Medical Dictionary Definitions A-Z List
Medical Dictionary Definitions A - Z - «G»:
Gene amplification: Making multiple copies of a gene. Repeated copying of a gene.
Gene amplification plays a role in cancer cells. A tumor cell amplifies, or copies, DNA segments as a result of cell signals and sometimes environmental events.
Amplification can occur in vivo (in the living individ...
Gene array analysis
Gene array analysis: A way of analyzing the differential expression of thousands of species of mRNA (messenger RNA) at the same time in two different samples (as, for example, in normal vs. tumor tissue, or at different developmental stages). Gene array analysis involves synthesizing labeled cDNA (c...
Gene deletion: The total loss (or absence) of a gene. Gene
deletion plays a role in birth defects and in the development of cancer. ...
Gene duplication: An extra copy of a gene. Gene duplication is a key mechanism in evolution. Once a gene is duplicated, the identical genes can undergo changes and diverge to create two different genes.
A duplication is the opposite of a deletion.
Duplications typically arise from an event termed un...
Gene expression: The translation of information encoded in a gene into protein or RNA. Expressed genes include genes that are transcribed into messenger RNA (mRNA) and then translated into protein, as well as genes that are transcribed into types of RNA such as transfer RNA (tRNA) and ribosomal RNA ...
Gene family: A group of genes related in structure and often in function. The genes belonging to a gene family are descended from an ancestral gene.
For example, the hemoglobin genes of critical importance to red blood cells belong to one gene family created by gene duplication (making extra copie...
Gene mapping: The process of determining the relative positions of genes on a chromosome (or another piece of DNA) and the distances between the genes in linkage units or in physical units....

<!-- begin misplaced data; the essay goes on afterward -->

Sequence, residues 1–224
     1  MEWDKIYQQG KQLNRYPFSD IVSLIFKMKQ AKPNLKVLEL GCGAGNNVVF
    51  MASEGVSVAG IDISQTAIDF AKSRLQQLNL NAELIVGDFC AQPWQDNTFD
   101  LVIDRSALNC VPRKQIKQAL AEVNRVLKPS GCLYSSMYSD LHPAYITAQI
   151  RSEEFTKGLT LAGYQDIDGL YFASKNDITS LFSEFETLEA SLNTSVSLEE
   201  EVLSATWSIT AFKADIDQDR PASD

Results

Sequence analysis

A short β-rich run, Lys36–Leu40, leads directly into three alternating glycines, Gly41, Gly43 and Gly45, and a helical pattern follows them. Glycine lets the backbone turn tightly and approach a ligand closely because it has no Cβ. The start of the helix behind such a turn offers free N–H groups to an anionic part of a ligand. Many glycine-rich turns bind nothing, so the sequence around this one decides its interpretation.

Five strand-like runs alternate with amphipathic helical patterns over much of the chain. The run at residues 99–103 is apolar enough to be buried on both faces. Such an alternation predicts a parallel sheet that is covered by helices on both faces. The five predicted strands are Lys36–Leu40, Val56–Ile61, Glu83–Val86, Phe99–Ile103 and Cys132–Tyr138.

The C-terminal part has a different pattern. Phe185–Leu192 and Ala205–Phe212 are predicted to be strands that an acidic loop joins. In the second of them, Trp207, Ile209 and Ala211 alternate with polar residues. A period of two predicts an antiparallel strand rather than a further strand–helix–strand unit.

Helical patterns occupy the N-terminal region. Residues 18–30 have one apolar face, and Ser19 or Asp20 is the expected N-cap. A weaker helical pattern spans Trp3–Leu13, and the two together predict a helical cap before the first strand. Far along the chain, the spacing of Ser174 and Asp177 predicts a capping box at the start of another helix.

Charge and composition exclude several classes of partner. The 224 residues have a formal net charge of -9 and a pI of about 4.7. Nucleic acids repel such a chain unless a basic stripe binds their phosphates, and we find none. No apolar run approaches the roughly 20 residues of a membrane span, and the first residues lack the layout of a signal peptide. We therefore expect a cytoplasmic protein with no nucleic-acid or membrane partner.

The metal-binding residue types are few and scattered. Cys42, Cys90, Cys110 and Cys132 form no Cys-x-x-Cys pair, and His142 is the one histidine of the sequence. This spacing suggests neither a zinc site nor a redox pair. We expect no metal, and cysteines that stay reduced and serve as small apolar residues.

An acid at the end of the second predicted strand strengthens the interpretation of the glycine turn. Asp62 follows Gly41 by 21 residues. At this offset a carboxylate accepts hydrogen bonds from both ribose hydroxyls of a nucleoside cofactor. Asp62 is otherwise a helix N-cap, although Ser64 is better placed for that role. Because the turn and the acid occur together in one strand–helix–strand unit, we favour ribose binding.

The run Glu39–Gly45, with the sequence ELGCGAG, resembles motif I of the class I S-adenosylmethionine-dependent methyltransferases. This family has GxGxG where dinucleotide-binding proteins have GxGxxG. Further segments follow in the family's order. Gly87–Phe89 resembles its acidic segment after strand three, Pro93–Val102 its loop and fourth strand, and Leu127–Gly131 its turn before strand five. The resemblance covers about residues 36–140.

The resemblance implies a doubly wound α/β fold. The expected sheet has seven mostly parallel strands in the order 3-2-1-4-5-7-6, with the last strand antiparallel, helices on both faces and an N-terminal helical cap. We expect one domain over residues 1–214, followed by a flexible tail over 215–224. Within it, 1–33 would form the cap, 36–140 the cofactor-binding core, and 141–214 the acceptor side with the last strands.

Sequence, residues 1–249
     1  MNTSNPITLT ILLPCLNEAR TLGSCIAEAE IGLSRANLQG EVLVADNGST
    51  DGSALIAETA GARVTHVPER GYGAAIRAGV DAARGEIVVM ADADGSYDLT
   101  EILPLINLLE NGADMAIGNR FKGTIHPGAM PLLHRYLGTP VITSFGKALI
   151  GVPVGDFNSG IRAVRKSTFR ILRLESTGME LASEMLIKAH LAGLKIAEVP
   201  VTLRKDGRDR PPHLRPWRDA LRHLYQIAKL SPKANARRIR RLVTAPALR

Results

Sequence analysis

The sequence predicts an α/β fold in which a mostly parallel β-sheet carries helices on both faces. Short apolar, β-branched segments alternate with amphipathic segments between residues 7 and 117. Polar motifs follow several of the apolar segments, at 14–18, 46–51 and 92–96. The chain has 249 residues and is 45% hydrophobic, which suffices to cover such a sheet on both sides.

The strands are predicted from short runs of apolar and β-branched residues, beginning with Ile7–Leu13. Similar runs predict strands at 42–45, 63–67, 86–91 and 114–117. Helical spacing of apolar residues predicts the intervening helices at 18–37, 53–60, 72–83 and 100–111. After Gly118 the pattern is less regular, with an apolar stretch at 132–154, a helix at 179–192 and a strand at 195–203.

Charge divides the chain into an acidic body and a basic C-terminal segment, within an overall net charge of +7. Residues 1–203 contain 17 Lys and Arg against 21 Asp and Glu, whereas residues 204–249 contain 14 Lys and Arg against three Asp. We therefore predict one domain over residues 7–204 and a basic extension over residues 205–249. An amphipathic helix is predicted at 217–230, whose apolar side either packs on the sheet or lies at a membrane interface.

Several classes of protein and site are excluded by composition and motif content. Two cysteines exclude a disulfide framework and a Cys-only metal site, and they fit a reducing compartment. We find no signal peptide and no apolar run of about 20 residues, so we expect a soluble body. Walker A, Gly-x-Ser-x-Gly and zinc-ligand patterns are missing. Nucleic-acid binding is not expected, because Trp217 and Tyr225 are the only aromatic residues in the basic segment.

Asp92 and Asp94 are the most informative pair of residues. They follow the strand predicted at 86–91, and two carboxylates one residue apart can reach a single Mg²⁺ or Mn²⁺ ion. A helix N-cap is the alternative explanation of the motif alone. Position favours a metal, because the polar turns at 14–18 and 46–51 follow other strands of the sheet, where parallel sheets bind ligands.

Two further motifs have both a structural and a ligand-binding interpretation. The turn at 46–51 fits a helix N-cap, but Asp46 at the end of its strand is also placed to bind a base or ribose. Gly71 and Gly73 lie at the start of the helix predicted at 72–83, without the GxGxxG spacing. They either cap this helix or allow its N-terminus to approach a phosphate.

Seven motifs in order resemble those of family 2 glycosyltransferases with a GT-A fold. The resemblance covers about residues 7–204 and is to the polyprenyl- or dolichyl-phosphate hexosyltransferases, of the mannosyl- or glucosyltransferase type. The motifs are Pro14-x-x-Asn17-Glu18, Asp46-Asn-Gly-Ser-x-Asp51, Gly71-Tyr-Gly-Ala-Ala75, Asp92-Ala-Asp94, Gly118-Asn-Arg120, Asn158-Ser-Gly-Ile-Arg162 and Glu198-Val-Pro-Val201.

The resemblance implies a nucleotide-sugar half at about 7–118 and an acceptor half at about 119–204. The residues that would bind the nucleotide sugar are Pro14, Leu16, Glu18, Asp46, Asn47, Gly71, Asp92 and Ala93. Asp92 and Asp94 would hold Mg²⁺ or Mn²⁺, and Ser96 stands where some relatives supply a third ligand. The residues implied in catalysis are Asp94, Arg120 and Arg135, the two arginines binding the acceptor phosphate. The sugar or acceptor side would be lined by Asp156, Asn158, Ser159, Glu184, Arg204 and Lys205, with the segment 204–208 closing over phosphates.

Gene markers: Detectable genetic traits or distinctive segments
of DNA that serve as landmarks for a target gene. Markers are on the same chromosome as
the target gene. They must be near enough to the target gene to be genetically linked to
it: to be inherited usually together with that gene, and so...
Gene pool: The sum total of genes, with all their variations, possessed by a particular species at a particular time....
Gene product: The RNA or protein that results from the
expression of a gene. The amount of gene product is a measure of the degree of gene
Gene silencing: A mechanism by which cells shut down large sections of chromosomal DNA. Gene silencing is done by incorporating the DNA to be silenced into a form of DNA called heterochromatin that is already silent.
The process of gene silencing is important for the differentiation of many differe...
Gene testing: Testing a sample of blood (or another fluid or
tissue) for evidence of a gene. The evidence can be biochemical, chromosomal, or genetic.
The aim is to learn whether a gene for a disease is present or absent. ...
Gene transfer: The insertion of unrelated genetic information in the form of DNA into cells.
There are different reasons to do gene transfer. Perhaps foremost among these reasons is the treatment of diseases using gene transfer to supply patients with therapeutic genes. There are also different way...
Gene, candidate: Any gene thought likely to cause a disease. The gene may be a candidate because it is located in a particular chromosome region suspected of being involved in the disease or its protein product may suggest that it could be the disease gene in question....
Gene, evolutionarily conserved
Gene, evolutionarily conserved: A gene that has
remained essentially unchanged throughout evolution. Conservation of a gene indicates that
it is unique and essential. There is not an extra copy of that gene with which evolution
can tinker. And changes in the gene are likely to be lethal....